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Big week ahead for Eldora owner Tony Stewart


In the past nine days Tony Stewart has flipped down Eldora Speedway’s front stretch in his winged 410 sprint car, set off a social media buzzstorm by calling Steve Kinser a part of the body used in the final step of digestion and taken the blame for setting off a spectacular 15-car pileup that injured two at a dirt track in New York.

And he thought last week was intense.

Consider what awaits the three-time NASCAR Sprint Cup champion this week. On Wednesday, Stewart’s Eldora Speedway in Rossburg hosts the Camping World Truck Series for NASCAR’s first national touring series race on dirt since King Richard Petty tore up the North Carolina Fairgrounds on Sept. 30, 1970. On Sunday, Stewart tries to kiss those coveted bricks for a third time when the Sprint Cup Series celebrates its 20th anniversary at Indianapolis Motor Speedway, the racing mecca just 45 minutes from his hometown of Columbus, Ind.

If last week felt more like April Fool’s Day pranks to Stewart, then this week might more resemble Christmas. With one exception.

“I’ve never been scared at Christmas, but I’m nervous with the Truck race coming up,” Stewart said of hosting the CarCash Mudsummer Classic on July 23-24. “Any time you do something for the first time and you don’t know how it’s going to turn out you’re always nervous.”

The Truck race is one of NASCAR’s most anticipated events since perhaps that first race at Indianapolis Motor Speedway. But if any dirt track is ready to take on NASCAR’s first national dirt race in 43 years it’s Eldora. The historic half-mile, high-banked clay oval has hosted some of Sprint Cup’s biggest stars with the Prelude to the Dream late model charity race. It also fields some of dirt racing’s biggest crown jewel events with the Dirt Late Model Dream, World 100, Kings Royal and the 4-Crown Nationals.

“I think it’s a compliment,” Stewart said of Eldora hosting NASCAR’s return to its roots. “If it was at Hickory (Motor Speedway in North Carolina) and it was on TV I don’t think it would generate that kind of excitement. Everybody is curious to see what happens with trucks on dirt for the first time.”

Eldora is ready for NASCAR. Are the drivers ready for Eldora?

Racing at Eldora means running inches from those unforgiving concrete walls on a surface many have never experienced. It’s slide jobs on a constantly changing track. It’s more than 20,000 spectators turning Eldora into Darke County’s largest, albeit temporary, town surrounded by cornfields and campgrounds.

As of Friday 36 Trucks were entered. Stewart wasn’t one of them. He’d prefer to give other drivers a shot to claim one of the 30 spots to start the feature. That’s incredible restraint for a die-hard dirt competitor who has driven just about every kind of car at Eldora … except a NASCAR Truck.

As an official Truck race, the top 20 in owners’ points are locked in the feature, including Dave Blaney, Scott Bloomquist, Austin Dillon, Tracy Hines and Kenny Wallace. The final 10 spots are up for grabs among other non-regulars that include Ken Schrader and Ryan Newman. Embracing the grassroots dirt track format, they’ll battle through six qualifying heat races (eight green flag laps), a last-chance qualifier (15 laps) and then the Mudsummer Classic main event, a 150-lap feature broken up into three segments of 60, 50 and 40 laps. Pit stops will be held between each segment.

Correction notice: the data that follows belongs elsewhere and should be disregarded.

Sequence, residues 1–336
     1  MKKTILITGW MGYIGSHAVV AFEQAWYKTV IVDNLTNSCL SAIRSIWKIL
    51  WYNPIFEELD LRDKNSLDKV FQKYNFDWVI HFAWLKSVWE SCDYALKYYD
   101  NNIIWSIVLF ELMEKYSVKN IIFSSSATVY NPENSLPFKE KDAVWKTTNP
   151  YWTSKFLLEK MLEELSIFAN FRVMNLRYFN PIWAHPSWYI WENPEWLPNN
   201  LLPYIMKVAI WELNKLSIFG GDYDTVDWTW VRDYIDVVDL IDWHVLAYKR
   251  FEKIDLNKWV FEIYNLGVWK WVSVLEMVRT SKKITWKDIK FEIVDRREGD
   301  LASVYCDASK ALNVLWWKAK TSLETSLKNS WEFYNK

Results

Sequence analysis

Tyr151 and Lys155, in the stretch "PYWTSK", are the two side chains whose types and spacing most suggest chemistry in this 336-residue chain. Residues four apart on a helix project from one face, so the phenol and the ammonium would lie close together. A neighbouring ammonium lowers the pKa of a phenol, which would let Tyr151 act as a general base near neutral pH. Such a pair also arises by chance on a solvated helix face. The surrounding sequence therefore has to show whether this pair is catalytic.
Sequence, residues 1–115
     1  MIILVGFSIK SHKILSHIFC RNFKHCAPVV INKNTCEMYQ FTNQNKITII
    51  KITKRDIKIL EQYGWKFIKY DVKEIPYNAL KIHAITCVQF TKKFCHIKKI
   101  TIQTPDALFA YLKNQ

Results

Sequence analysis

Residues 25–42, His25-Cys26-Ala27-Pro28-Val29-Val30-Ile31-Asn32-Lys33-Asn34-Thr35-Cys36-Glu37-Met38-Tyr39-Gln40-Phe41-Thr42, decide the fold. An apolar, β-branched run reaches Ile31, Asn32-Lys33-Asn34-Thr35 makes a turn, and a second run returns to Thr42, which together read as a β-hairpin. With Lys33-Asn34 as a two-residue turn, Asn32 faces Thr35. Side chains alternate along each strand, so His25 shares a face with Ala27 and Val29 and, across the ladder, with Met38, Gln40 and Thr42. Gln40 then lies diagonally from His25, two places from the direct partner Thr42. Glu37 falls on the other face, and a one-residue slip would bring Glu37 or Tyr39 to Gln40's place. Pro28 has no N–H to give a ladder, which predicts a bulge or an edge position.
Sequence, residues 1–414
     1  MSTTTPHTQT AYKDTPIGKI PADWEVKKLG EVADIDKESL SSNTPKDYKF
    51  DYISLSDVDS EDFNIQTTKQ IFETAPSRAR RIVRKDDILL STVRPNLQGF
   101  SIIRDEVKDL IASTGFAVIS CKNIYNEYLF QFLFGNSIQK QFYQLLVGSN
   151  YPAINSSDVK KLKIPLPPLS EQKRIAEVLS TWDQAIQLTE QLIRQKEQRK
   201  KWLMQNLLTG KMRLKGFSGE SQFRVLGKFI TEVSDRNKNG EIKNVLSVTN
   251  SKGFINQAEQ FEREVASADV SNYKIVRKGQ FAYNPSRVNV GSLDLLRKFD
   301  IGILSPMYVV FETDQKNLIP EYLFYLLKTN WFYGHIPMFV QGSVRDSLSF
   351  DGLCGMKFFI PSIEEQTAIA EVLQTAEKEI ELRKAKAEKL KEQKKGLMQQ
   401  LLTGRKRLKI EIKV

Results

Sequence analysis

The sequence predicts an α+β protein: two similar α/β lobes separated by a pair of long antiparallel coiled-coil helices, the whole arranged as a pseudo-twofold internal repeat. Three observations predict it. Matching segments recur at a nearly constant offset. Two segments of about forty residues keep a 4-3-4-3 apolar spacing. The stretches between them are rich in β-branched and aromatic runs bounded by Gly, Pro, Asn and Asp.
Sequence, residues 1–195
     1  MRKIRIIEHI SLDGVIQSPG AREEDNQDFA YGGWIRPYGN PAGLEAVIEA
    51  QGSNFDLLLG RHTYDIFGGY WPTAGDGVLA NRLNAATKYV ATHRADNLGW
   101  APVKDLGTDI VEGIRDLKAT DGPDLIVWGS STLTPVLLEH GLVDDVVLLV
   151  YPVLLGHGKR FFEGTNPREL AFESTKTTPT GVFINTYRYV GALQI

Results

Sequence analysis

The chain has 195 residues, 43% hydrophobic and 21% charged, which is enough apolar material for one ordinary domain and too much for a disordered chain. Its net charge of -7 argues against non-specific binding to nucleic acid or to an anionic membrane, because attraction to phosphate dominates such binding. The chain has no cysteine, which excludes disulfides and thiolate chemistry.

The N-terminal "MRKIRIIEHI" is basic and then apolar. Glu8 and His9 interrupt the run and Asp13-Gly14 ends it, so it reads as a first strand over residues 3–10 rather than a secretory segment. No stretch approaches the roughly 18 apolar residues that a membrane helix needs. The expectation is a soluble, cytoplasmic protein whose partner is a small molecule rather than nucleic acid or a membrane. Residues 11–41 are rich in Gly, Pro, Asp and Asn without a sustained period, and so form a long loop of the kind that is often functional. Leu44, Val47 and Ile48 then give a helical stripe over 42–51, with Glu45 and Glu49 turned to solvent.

“I didn’t want to take one of the 10 spots if it was available,” Stewart said. “I was excited to give other drivers the opportunity to do so.”

Next year might be different. Truck Series director Chad Little said NASCAR goes into each race with the idea it’ll be an annual event if the promoter, the fans and the sponsors support it.

“We’ll see what happens after the event, sit back, analyze it and see what direction they want to go with it,” Stewart said of a possible return in 2014. “We hope it will lead into something like that. Hopefully this is something that takes off and continues to grow.”

When Eldora hosted the first Prelude to the Dream in 2005 there was some backlash from dirt-race purists who thought NASCAR’s asphalt drivers had no place taking over the legendary dirt track started by Earl Baltes back in 1954. The criticism has been much less noticeable for the trucks. Even still, Stewart assures those passionate fans Eldora will remain Eldora.

“This was an opportunity to bring short-track racing forward. It’s a simple deal. If you don’t like the deal don’t go to the program that weekend. It doesn’t mean we’re turning our backs to other ideas and thoughts. We’re just trying to do the best we can. We’re not turning Eldora Speedway into a NASCAR facility. It’s still Eldora,” Stewart said. “We haven’t changed the aura of Eldora Speedway. That’s something we work really hard to not do.”

Stewart — then a rising star with the United States Auto Club (USAC) series with IndyCar aspirations — had a similar response when NASCAR announced it was bringing stock cars to Indianapolis. He’s grown to love the Brickyard 400. Titles in 2005 and 2007 didn’t hurt.

“I was furious. I was one of those people that was a purist. I didn’t want to see Formula One come to Indy. I didn’t want to see NASCAR come to Indy. I didn’t want to see Grand Am. As time has gone on and how hard everybody works, the teams focus a lot on this event,” he said. “This is a place they put a lot of work into. I’ve come around to seeing Formula One and being excited about. Now the Grand Am Series and Nationwide Series is (in Indy) and it’s a fun weekend.”



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